As a result of the recognition of these relationships, the Adult-Treatment Panel III (ATP-III) of the National Cholesterol Education Program has adopted the increased waist circumference as a major criterion for clinical diagnosis of the metabolic syndrome. A waist circumference of equal to or greater than 102 cm. (> 40in) in American men or 88 cm. (> 35in) in American women is a cut off for increased risk. More importantly, accumulation of visceral fat remains also the major independent cardiovascular risk factor, even within the normal range of body mass index (BMI), and even at lower waist circumference than the above mentioned figures in certain ethic populations such as Asian, Indian and Chinese. This observation leads researchers and clinicians alike to believe that clinical diagnosis of visceral adiposity (metabolic obesity) may be more important than the current diagnosis of obesity using body mass index (BMI), body weight or even percentage of total body fat.
Accumulating evidence also points to a major difference between the intraabdominal visceral fat and the peripheral or subcutaneous fat in the pathogenesis of these medical problems, both in lean and obese individuals. In contrast to the accumulation of fat in the gluteo-femoral regions, the accumulated fat in the intra-abdominal or visceral depots is strongly associated with all obesity-related complications. The relationship between visceral fat, as quantified by abdominal CT scanning, and CAD seems to be independent of age, BMI and the amount of subcutaneous fat in men with familial hypercholesterolemia. Moreover, abdominal obesity was also found to be associated with accelerated atherosclerosis independent of overall obesity and other risk factors in middle-aged men with no prior atherosclerotic disease.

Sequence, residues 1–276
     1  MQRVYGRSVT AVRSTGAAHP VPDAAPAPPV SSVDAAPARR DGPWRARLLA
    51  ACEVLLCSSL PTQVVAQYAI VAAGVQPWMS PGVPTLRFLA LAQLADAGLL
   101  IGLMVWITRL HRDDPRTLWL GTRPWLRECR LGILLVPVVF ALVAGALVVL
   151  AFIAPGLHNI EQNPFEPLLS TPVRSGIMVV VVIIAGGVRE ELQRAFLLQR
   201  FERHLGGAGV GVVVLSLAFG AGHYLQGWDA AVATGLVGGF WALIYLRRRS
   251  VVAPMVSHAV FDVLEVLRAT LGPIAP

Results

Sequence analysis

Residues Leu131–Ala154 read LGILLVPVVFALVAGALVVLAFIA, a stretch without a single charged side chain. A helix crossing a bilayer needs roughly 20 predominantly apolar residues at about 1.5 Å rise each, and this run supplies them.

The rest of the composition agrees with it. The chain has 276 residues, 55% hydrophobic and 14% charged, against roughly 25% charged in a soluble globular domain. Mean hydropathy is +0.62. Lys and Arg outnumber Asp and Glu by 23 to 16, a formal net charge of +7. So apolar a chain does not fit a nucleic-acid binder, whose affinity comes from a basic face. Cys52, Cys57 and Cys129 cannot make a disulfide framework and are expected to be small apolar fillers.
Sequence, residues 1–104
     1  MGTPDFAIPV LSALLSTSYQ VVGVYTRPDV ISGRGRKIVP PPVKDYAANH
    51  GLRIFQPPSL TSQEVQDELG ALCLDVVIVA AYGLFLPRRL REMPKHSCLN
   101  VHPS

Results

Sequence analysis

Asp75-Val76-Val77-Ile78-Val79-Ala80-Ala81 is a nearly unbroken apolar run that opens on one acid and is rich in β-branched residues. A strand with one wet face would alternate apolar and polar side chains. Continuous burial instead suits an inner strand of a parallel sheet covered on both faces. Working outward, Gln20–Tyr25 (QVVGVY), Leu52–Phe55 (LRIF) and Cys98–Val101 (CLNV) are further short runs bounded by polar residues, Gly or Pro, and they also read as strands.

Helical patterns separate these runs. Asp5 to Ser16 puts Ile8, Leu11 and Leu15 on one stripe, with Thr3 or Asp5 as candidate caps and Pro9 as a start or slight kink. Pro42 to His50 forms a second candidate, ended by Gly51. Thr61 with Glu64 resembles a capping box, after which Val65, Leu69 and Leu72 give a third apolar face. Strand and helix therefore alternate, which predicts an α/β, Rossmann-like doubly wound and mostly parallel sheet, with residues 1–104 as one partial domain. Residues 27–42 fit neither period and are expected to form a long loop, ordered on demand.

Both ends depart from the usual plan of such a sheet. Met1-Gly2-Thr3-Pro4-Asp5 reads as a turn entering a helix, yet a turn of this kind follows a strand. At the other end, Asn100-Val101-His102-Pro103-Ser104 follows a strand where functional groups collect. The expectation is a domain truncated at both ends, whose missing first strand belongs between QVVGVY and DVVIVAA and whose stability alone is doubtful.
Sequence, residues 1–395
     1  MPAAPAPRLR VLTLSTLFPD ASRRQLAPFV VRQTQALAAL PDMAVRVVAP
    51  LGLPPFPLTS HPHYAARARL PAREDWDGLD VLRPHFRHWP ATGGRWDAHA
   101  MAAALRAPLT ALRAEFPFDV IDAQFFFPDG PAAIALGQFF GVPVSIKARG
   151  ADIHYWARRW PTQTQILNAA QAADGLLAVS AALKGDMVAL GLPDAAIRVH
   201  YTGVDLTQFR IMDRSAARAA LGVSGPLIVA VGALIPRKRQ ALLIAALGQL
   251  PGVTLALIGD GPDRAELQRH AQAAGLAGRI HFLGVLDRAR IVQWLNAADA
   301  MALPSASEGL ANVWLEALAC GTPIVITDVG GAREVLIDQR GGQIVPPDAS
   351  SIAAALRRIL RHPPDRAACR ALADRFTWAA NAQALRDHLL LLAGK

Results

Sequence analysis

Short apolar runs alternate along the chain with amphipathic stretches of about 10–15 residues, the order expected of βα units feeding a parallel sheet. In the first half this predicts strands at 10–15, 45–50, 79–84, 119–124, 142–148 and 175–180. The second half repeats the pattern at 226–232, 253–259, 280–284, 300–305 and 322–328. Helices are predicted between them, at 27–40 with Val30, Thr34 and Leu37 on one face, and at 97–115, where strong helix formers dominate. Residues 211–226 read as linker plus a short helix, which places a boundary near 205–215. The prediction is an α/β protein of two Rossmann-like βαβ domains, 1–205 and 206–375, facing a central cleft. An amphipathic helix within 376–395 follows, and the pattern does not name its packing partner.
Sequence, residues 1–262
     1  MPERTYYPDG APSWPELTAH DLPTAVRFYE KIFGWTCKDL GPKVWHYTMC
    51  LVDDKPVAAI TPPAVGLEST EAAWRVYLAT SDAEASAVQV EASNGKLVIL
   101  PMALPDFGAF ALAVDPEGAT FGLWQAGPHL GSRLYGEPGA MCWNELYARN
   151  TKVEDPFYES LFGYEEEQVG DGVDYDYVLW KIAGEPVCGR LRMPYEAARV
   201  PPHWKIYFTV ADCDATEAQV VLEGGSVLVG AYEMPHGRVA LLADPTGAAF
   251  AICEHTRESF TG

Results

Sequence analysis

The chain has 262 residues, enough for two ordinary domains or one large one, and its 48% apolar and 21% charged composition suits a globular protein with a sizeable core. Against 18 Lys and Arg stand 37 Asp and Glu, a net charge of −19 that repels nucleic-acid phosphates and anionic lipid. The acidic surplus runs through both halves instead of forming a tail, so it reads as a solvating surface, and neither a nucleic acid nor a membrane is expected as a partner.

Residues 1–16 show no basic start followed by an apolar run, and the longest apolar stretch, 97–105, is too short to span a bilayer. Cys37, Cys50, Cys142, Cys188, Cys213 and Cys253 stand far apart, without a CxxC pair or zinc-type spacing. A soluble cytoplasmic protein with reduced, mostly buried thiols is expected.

Visceral Adiposity (Metabolic Obesity)
Visceral adiposity is defined as fat accumulation around the viscera and inside the intra-abdominal solid organs. Although this phenomenon is more common in overweight and obese individuals, as noted above, it can also occur in lean individuals with a normal BMI and, independent of the overall adiposity, this particular type of fat seems to play an important role in the development of type 2 diabetes and atherosclerosis. The progressive accumulation of intraabdominal fat increases hepatic and adipose-tissue insulin resistance and its consequent metabolic abnormalities like glucose intolerance, low HDL-cholesterol, elevated triglycerides and hypertension. This package of metabolic abnormalities is called the cardiometabolic syndrome, and is discussed in other contexts throughout this book, particularly in discussions of type 2 diabetes and cardiovascular complications. Some also refer to this syndrome as the insulin resistance syndrome considering insulin resistance as its fundamental etiology. It is worth mentioning that the definition of metabolic syndrome and its phenotype characteristics is far from firmly established and academic debate is ongoing over which criteria should be included, and their relative etiologic, diagnostic, and prognostic significance.